Wednesday, June 20, 2018

Campaign for Community culminates in TrinColl2Action

Chris Bulfinch

News Editor

 

For the past weeks, the Trinity community has heard much about the Campaign for Community, an initiative developed by the Berger-Sweeney administration late last semester to address a variety of issues on Trinity’s campus. The program culminated with TrinColl2Action, a large forum hosted in Vernon Social during the afternoon of Saturday, Nov. 7. The event was largely built around the presentations of five working groups, each of which was tasked with engaging with different issues across campus; there were five working groups, addressing the issues of academic environment, rape and sexual assault, campus pride, social environment, and community involvement. The Campaign for Community’s goal was, in the words of Kate Dietrich-Manion, ’18, the Student Representative on the Administrative Working Group, “to provide a space for students to address issues related to diversity and inclusivity on campus. The Campaign was student-orientated from the beginning, as it the students who shape the community they wish to create.”

TrinColl2Action opened in Vernon social at 2 PM on Saturday afternoon. As soon as they walked I the door, attendees were issued nametags and shown the refreshments, as well as a sign-up sheet for the next stage of the campaign, involving the implementation of the student recommendations.

With guests settled, the program began. Maggie Elias, ‘17 and Edward Fox, ‘17, delivered introductory remarks, followed by an icebreaking activity geared towards fostering a sense of intimacy amongst attendees. The opening activities flowed into speeches from President Joanne Berger-Sweeney, Chaplain Allison Read, and Kate Dietrich-Manion, ’18. Each working group gave a presentation laying out the issues that they confronted and their prescriptions for administrative action to remedy the problems that they identified. Each student within the groups spoke to varying degrees of length about the work that they had done. The presentations opened with a short skit depicting a “typical” Trinity encounter that is symptomatic of the working group’s given issue. Each group proceeded to expound more explicitly on the problem that they tackled, and made specific policy-based recommendations as to how the problems could most effectively be addressed, and what role the student body and student organizations could play in these changes. The were also tables set up for each of the working groups so that any curious audience members could visit after the presentations to learn the recommendations of the working groups were as varied as the topics that the working groups covered. The Social Environment working group sought to address perceived and salient social divides on campus. “Our recommendations were threefold,” says Jake Rubin, a member of the Class of 2015 who has remained on campus to pursue a Masters in Neuroscience, “First, a student leader conference to unify the leaders of social/cultural organizations [in order to] foster more collaborations. Second, we recommended that the new NEST program for first-year students be used as a platform for integrating the incoming class with the rest of the students on campus.” Rubin continued: “Our third recommendation was that we make better use of the Collegiatelink website.” Their working group’s revamped Collegiatelink website consolidates information about clubs and campus events into a single location, allowing for greater awareness of happenings on campus.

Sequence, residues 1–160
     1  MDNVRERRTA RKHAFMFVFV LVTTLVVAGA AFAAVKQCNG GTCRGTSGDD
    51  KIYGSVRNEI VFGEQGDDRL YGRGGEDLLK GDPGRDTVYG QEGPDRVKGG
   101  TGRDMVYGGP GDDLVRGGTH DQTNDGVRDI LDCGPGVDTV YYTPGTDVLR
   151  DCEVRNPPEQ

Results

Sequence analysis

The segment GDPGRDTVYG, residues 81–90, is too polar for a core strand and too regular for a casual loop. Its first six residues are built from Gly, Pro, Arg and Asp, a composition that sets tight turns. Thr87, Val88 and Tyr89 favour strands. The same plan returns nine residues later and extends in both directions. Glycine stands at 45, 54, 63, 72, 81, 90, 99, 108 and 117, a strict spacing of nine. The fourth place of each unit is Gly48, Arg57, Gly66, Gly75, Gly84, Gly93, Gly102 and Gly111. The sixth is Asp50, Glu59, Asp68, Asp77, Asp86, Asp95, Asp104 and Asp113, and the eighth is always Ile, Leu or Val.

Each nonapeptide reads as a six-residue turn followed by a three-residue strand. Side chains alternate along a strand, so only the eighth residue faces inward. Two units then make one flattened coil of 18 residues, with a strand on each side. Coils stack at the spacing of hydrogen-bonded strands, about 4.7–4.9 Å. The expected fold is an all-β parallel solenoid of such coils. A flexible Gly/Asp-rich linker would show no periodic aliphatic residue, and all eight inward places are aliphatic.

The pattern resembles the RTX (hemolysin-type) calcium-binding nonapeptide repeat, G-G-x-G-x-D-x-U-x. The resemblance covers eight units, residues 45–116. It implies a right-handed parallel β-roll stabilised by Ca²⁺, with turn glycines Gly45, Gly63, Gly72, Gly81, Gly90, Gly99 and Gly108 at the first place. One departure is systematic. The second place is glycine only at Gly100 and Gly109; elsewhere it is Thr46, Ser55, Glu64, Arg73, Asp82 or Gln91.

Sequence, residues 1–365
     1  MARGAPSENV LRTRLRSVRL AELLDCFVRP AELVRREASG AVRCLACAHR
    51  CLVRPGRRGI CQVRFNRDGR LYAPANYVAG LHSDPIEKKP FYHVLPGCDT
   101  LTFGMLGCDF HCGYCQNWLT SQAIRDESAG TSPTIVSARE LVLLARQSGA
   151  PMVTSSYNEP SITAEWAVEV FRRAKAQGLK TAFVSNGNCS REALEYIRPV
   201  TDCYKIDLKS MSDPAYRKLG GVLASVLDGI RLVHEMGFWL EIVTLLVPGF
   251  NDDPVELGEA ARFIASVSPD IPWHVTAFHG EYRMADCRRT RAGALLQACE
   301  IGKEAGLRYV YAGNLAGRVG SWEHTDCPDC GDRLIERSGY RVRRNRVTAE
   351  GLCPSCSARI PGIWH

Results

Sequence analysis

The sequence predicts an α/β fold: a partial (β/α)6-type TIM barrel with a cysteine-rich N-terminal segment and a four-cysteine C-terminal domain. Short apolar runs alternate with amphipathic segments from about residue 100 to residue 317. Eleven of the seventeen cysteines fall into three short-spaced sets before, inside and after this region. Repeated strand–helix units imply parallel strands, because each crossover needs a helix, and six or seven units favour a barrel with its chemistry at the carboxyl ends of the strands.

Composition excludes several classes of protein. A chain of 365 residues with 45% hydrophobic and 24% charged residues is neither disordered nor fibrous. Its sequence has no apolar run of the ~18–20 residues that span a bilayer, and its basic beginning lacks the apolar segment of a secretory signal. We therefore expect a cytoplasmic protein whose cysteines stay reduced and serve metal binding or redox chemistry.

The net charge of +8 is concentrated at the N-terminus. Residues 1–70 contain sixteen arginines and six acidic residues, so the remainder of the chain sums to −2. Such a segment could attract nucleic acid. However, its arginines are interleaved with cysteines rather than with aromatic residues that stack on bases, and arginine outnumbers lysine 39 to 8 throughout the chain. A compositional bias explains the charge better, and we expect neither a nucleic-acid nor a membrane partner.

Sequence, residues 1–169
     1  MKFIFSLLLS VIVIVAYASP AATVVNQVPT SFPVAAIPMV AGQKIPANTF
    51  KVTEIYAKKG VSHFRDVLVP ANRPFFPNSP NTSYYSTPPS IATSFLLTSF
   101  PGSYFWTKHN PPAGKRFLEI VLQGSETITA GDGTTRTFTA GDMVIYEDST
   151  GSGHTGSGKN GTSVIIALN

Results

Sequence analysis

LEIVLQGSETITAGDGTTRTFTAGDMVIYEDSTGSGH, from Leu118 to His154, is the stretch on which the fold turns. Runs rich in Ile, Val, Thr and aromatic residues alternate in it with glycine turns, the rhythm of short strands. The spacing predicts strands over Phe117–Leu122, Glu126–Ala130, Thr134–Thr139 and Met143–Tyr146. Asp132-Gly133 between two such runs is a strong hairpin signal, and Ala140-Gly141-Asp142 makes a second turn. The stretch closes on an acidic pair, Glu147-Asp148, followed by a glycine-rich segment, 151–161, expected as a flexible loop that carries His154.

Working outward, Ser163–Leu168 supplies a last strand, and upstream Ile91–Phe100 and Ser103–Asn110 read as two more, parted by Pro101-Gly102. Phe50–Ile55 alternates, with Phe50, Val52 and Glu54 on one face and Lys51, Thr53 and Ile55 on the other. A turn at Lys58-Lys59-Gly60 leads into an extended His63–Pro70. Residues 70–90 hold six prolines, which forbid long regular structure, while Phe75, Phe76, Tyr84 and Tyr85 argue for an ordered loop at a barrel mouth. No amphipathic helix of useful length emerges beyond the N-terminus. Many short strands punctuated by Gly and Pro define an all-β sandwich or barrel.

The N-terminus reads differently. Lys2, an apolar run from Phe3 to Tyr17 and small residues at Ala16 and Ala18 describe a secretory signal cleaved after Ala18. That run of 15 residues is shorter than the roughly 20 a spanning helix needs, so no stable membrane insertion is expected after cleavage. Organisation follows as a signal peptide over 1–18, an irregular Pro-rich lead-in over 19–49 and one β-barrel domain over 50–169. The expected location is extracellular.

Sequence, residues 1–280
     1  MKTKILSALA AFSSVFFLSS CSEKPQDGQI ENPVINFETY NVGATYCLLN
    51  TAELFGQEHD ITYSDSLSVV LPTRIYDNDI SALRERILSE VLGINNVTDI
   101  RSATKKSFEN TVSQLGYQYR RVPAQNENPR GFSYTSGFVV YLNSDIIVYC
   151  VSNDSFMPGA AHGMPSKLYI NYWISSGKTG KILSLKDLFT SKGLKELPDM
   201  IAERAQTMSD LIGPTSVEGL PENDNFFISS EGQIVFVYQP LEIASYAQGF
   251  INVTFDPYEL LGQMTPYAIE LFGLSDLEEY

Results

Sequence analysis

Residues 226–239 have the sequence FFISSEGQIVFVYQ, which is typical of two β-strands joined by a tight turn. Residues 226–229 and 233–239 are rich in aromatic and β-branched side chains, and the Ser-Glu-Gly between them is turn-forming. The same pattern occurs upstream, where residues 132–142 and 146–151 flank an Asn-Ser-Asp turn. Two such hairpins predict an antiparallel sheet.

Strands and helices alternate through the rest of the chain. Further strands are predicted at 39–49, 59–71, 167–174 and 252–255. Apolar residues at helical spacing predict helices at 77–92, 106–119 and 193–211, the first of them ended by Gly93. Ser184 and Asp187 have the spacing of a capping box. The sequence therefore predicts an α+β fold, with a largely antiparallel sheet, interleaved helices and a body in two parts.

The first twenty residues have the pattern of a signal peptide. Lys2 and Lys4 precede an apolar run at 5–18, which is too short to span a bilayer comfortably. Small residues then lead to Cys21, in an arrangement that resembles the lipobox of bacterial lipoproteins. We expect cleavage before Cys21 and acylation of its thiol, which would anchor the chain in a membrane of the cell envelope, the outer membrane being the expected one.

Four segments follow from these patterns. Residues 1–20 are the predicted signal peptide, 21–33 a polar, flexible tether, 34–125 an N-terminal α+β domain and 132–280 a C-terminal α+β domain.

The second group to present dealt with Trinity’s academic environment. According to Molly Thoms, ’17, “We identified that Trinity students often say that they “work hard, play hard” when in reality they work a little, play a lot. We’re hoping that dynamic can be shifted in favor of greater engagement with studies.” The working group’s plans to make this shift happen include three major suggestions. The first is the implementation the Northam Honors Society to provide high-achieving students with a network of similarly driven students. Secondly, the working group recommends members of the newly-created Northam Honors Society be given the latitude to create honors seminars, a program called the Collaborative Class Program (CCP). Under the auspices of the CCP and the faculty, five seminars would be chosen each semester and added to Trinity’s course catalog. Enrollment would be restricted to Northam Honors Society members, though other students could petition to join. The last of the Academic Environment working group’s suggestions entailed the creation of faculty-student diner parties. These events would be organized by students and faculty, as well as related academic offices. The student and faculty member would each invite five other students who they believe would be able to contribute meaningfully about a given topic of discussion around which the dinners would focus.

After the Academic Environment discussion came the Rape and Sexual Misconduct working group’s presentation. As their name implies, the Rape and Sexual Misconduct committee was confronting the tragically pervasive issues of sexually-based crimes on Trinity’s campus; in their own words “The Trinity College community needs improvement in the following areas: policy language, administrative transparency, sexual misconduct and rape culture education for the student body, trauma response training for the community at large, and a wider array of resources for students and faculty.” The Rape and Sexual Misconduct working group had the following ideas for the Trinity administration:

1. Change the ‘or’ in the definition of consent in the interim sexual misconduct policy to ‘and’;

2. A student-made informational video detailing statistics from the Summary Report;

3. Monthly campus safety emails reporting instances of alleged sexual misconduct and adjudication results;

4. Yearly bystander intervention/rape culture/trauma response training for students, faculty, and staff.  Students should complete this training four times over the course of their Trinity career as a graduation requirement.  Ideally, the training is to be completed by the first month of school.  Please note that this recommendation would need to include a separate budget to pay for trainers;

5. Increasing the budget for WGRAC and SECS campus-wide events that will impact the entire campus;

6. Continuing to offer the school-sponsored YWCA Counselor Advocate Training class for more than eight students at a time as a full one-credit class so they can use their training to be a volunteer peer educator on campus. (Great thanks to Arleigha Cook for the info)